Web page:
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Is there permanent size loss in metals from contraction?

  1. Dec 21, 2016 #1
    I install automatic pool covers for a living. The tracks that our cover rides on are composed of extruded anodized aluminum. These tracks come in 22' lengths. Usually there is more than one section of track, set end to end, on a given side of the pool. We drill and anchor these sections to concrete decks with NO gap between.

    Several years down the road, we notice that there is now a 1/8" - 1/2" gap between the sections. These systems are installed in the heat of the Summer and we usually come back to the jobs in the same heat. If that's the case, does this mean that there is some sort of loss happening during the expansion/contraction process that happens between the seasons and hot days/cold nights?

    I know that there's potential for deck heaving and expansion and contracting of the concrete, but this has been seen across the board and there's no way that so many different stones and concrete mixes have the same expansion/contraction ratio.

    I guess my end-all questions are "Is there Net size-loss throughout the expansion/contraction process? If the aluminum is 10 units long at 100º, then 9 units long at 50º, but only returns to 9.9 units long when brought back to 100º, where did that .1 unit of length go? Is it gas loss that allows the aluminum atoms to get closer together?"
     
    Last edited by a moderator: Dec 21, 2016
  2. jcsd
  3. Dec 21, 2016 #2

    berkeman

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    Welcome to the PF.

    Very interesting question! My initial guess is that the concrete is expanding over time, but others may have other ideas. Are these all new pools? if you install the cover hardware on a new pool, it seems plausible that the concrete structure around the pool can expand over time. But if this happens even on old pool retrofits, that would shoot that theory down...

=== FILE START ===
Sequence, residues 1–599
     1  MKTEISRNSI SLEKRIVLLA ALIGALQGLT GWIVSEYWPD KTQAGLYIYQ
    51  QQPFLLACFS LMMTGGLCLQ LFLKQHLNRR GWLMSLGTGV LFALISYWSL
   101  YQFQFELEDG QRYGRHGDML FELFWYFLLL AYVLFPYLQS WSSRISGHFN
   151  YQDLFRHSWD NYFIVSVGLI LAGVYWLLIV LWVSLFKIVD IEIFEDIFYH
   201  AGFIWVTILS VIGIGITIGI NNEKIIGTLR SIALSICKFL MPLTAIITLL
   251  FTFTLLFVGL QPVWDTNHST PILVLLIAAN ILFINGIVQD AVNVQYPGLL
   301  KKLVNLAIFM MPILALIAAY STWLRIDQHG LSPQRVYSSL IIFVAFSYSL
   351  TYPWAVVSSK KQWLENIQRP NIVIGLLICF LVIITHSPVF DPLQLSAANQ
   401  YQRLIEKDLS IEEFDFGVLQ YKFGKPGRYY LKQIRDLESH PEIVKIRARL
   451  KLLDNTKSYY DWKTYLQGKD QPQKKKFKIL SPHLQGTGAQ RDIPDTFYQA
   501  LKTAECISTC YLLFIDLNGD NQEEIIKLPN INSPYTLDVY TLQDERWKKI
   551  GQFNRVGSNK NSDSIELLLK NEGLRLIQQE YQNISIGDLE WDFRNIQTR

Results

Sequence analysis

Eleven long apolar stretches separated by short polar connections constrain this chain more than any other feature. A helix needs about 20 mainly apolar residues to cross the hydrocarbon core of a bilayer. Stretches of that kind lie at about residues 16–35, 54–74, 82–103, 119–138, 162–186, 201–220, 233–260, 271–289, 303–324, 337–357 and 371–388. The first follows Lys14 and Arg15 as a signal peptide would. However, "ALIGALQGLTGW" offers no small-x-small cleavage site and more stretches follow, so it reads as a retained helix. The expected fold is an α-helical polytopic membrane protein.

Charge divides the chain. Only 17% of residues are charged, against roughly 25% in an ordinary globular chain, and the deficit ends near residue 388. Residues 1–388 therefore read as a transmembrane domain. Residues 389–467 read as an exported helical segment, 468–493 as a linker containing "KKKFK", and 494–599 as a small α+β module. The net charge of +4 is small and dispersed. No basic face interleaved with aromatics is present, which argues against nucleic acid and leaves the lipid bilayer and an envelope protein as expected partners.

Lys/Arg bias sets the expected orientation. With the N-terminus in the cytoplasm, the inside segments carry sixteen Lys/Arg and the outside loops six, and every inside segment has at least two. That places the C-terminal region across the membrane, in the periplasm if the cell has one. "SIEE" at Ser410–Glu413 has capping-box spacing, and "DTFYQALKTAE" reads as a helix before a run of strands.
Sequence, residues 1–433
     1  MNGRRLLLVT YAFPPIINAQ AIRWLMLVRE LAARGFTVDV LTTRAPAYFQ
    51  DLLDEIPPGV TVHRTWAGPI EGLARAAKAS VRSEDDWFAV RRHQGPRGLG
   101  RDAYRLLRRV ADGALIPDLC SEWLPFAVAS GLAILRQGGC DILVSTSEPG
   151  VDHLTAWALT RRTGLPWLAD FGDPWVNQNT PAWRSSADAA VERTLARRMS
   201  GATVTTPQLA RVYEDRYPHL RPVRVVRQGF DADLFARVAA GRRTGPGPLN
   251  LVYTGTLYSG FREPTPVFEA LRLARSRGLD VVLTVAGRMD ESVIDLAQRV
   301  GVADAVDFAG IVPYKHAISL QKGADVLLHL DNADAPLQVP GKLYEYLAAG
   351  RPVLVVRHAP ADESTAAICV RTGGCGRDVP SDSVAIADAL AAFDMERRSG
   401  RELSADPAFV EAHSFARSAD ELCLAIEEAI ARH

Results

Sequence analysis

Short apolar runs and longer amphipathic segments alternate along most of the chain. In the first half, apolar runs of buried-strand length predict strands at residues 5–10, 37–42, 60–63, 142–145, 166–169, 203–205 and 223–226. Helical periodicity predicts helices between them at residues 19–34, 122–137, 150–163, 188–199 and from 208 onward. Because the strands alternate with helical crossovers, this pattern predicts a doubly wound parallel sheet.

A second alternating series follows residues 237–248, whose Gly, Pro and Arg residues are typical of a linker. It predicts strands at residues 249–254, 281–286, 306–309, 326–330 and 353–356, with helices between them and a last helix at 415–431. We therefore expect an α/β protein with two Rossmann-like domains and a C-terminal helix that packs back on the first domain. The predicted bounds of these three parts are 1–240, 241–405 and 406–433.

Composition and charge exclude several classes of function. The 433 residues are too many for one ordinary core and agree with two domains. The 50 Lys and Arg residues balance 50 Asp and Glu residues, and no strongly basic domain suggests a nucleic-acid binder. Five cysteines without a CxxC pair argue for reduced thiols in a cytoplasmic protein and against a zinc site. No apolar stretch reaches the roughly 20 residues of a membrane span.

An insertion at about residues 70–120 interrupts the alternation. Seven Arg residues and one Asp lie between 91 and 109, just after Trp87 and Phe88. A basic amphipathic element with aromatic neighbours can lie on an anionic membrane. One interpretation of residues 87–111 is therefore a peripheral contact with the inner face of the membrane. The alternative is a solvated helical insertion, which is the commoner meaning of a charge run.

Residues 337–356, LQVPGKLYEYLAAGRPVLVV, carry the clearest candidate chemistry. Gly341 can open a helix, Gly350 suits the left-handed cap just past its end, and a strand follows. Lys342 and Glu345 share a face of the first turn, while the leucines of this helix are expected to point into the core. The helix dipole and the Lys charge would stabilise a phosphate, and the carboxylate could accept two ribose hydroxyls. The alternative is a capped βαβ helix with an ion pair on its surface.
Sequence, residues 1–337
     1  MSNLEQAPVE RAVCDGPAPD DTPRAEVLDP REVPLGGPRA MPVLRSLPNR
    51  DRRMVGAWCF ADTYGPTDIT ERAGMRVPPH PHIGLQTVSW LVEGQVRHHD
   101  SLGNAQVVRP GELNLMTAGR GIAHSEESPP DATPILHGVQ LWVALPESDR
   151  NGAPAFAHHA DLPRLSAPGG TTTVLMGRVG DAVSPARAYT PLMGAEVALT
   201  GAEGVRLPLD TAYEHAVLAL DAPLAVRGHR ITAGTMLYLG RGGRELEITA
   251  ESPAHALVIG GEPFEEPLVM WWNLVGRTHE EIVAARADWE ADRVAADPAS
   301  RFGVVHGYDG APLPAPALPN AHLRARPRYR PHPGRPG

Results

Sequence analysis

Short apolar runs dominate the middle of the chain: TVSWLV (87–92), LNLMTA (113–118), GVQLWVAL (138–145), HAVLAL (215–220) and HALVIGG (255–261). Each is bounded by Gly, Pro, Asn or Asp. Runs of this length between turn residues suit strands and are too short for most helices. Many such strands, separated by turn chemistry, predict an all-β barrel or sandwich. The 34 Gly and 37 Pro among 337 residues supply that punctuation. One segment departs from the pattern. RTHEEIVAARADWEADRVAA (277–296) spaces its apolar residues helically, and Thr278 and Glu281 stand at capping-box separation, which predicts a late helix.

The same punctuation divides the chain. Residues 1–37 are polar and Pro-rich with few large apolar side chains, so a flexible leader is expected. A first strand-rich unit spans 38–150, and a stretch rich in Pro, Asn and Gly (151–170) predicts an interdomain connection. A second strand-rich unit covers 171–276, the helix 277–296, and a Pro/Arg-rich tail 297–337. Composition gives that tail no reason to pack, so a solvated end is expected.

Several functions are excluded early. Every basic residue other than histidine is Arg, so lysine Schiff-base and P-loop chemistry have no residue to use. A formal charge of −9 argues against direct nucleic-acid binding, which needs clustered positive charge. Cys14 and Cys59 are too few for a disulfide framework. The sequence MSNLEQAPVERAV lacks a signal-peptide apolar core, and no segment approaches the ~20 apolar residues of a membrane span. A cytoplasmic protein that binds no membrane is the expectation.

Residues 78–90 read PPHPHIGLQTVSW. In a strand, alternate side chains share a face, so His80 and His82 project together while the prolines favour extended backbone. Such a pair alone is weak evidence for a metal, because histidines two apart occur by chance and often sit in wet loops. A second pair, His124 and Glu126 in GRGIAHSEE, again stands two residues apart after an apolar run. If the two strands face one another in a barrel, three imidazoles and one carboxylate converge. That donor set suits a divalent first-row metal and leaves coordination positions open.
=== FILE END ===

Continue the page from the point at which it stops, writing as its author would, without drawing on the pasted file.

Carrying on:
4. Dec 21, 2016 #3
    If a piece of metal is heated and cooled uniformly and unconstrained, it will return to the exact original dimensions when cooled. However if the ends are constrained when heated, the metal will become shorter and fatter when cooled. The metal has yielded, as if squeezed in a press, but the volume is unchanged.
     
  5. Dec 21, 2016 #4

    berkeman

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    Staff: Mentor

    I yield to the better idea! :biggrin:
     
  6. Dec 22, 2016 #5
    I think that's the right conclusion.. since there was no gap between them, and the strength of the concrete is so much higher than the aluminum, it is in fact shrinking the aluminum.. I would venture a guess that if you installed them with 1/8th gap between them, you'd probably still have a 1/8th gap later.
     
  7. Dec 22, 2016 #6
    This is the principle behind "flame bending". If you heat one side of a pipe, the colder side will be a constraint. When cooled, the pipe will be bent towards the heated side. This is also called metal shrinking, but in reality a local area gets thicker and shorter. The volume is unchanged.
     
  8. Dec 22, 2016 #7

    CWatters

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    You can calculate how much a length of aluminium might expand and contract as it heats up..

    dl = L0 α (thot - tcold)

    where
    dl is the change in length (meters)
    L0 is the initial length (meters)
    α is the coefficient of expansion for aluminium (22.2 * 10-6 m/m.k)
    (thot - tcold) is the change in temperature (C/K)

    So if you installed a 22ft/7m length when the temperature was say 20C and it was heated by the sun to say 50C (?) then the change in length works out at about 4.5mm (bit over 1/8th inch).

    Do the gaps cause any problems?

    If you leave an 1/8th inch gap between lengths you might stop any potential buckling/distortion of the track.
     
  9. Dec 22, 2016 #8
    That is amazing. I'm pretty proficient in Math and Astronomy, but Physics is still somewhat new to me. This is such a fun conversation for the guys in my office right now. I've always theorized a loss in length, but my boss was skeptical. This puts Science behind it, which I always knew was there; I just never took the time to ask the right people. Thank you so much. This is great.
     
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